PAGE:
The Kilogram to be Redefined After 130 Years as Part of Metric System Overhaul21.05.2019
From now on, the kilogram will be defined by fundamental physical and atomic properties, rather than a material, man-made object. The redefinition, unanimously approved at the 26th General Conference on Weights and Measures last November, came into force on May 20.
Representatives from International Bureau of Weights and Measures (BIPM) member states have unanimously approved the plan to redefine basic SI units. The comprehensive overhaul, the BIPM explains, will change the definitions of four SI units—the ampere, mole, kelvin, and kilogram. From 1889 until now, the latter was defined by a one-kilogram cylinder made from a platinum-iridium alloy, kept in an underground vault located in Sèvres, a suburb of Paris.
Le Grand K, as the cylinder was commonly known, ceased to function as the standard kilogram, on May 20. “The redefinition of the SI draws on fundamental physical constants, universal for the entire universe. When the overhaul is complete, the basic units of measure and those derived from them will be based on the pillars of our world—physical constants. Science and technology will no longer be constrained by mutable material artifacts,” writes the Polish Bureau of Weights and Measures.
Nową definicję kilograma stworzono z wykorzystaniem tzw. stałej Plancka – jednej z podstawowych stałych, często pojawiającej się w równaniach mechaniki kwantowej. Ma ona wartość 6,626070150 × 10^-34 kg·m2/s i wiąże kilogram z prędkością światła oraz podstawową jednostką czasu, czyli sekundą. Oznacza to, że definicja kilograma, choć odnosi się teraz do zupełnie innego systemu miar, jest teraz dużo bardziej precyzyjna.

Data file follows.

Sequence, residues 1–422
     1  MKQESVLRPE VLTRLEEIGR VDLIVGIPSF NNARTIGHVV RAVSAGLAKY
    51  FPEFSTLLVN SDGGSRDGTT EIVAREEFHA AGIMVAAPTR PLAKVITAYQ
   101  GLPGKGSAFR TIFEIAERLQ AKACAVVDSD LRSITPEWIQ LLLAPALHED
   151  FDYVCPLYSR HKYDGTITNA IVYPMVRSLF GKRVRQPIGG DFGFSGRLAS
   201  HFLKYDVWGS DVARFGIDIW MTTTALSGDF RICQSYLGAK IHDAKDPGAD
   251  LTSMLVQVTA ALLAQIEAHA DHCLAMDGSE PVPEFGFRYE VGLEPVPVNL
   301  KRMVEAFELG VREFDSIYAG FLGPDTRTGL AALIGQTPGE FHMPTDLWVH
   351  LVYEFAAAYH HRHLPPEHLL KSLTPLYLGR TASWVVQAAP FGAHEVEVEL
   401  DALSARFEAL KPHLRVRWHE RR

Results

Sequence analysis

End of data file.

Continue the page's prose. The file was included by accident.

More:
The new kilogram will be based on the Planck constant, one of the most fundamental constants in quantum mechanics. The value of the constant is set to 6,626070150 × 10^-34 kg·m2/s, thus binding the kilogram to the meter and the second. This means that although dependent on other units, the definition of the kilogram much more precise now.
The Central Office of Measures was quick to add that the redefinition will have basically no impact on our everyday lives. The numbers on our kitchen scales will not change—the redefinition will, however, be important to scientists worldwide as it will make the data underpinning their research efforts that much more precise.
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